- Anywork Anywhere is a fun site that lets you search for visa information and embassies by country. Although this site seems geared to students, the visa and work guides are valid for everyone.
Where to go
Language should be your first concern. Unless you’re fluent in a foreign language, destinations such as Australia, New Zealand, Ireland, and the United Kingdom will best suit most American contractors. However, you may be able to get by in The Netherlands and Belgium, where English is the tongue of most technical work.
For work in other countries, you’ll usually need to be familiar enough with the language to think in it.
Contact the embassy
If you don’t find what you’re looking for at these sites, your next best bet is to check the country’s embassy Web site. It’s best to start with the one for the embassy located in the United States because it’s most likely to be in English. You can usually find it by typing “Country” embassy into a search engine.
You should always contact the embassy to inquire whether obtaining a short-term business visa is a possibility. If you’re doing contract work, you may need only a 60- or 90-day visa, which, if offered, is much easier to get than a long-term work permit.
Look for special loopholes
Also be on the lookout for special exceptions that may get you into the country faster or more easily. For example, Ireland’s technology growth has spurred the Irish government to institute a fast-track system for applications from non-EU IT professionals and technicians. At visafirst.com, you can actually check your status for obtaining an Irish green card, online (with a passport number).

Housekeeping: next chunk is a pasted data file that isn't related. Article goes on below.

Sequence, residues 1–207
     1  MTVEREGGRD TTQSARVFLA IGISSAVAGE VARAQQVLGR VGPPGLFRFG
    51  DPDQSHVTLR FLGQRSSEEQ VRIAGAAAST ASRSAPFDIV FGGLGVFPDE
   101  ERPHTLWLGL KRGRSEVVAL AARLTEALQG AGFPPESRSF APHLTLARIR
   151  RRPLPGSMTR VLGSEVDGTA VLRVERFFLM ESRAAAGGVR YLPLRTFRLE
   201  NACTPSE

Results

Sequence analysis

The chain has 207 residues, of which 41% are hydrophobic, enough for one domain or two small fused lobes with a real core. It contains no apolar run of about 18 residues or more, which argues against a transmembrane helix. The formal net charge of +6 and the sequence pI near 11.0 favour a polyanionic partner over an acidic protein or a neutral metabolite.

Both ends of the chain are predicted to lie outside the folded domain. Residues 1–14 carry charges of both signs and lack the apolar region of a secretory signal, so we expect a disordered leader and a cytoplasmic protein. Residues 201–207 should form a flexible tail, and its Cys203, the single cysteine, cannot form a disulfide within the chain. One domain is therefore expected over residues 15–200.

You may find other such special conditions. U.S. citizens can take advantage of the Dutch-American Friendship Treaty. If the nature of your business is trade — such as in computer hardware or software — it’s fairly straightforward to set up a branch of your office in The Netherlands and obtain a residence permit.
As you can see, investigating your opportunities for working abroad isn’t for the lazy. But don’t be discouraged by what you’ve read so far — if you have the right skills, many foreign companies will assist you in any way they can.
Do your research
While your experience abroad will probably be rewarding and exciting, go prepared. The U.S. Consular of Affairs runs an agency that helps U.S. citizens abroad when in need. This site might be the place to start your research. As hard as it is to get into some countries, it can often be just as hard to get out. Check the International Travel site for more information on how the U.S. government can help you if you find yourself in distress abroad. In addition, you’ll find a lot of good general information about every country in the world.
In the next installment in this three-part series, I will discuss how to find contracts from foreign clients and — if the obstacles to working abroad seem like too much — alternative arrangements that enable you to work in a foreign country.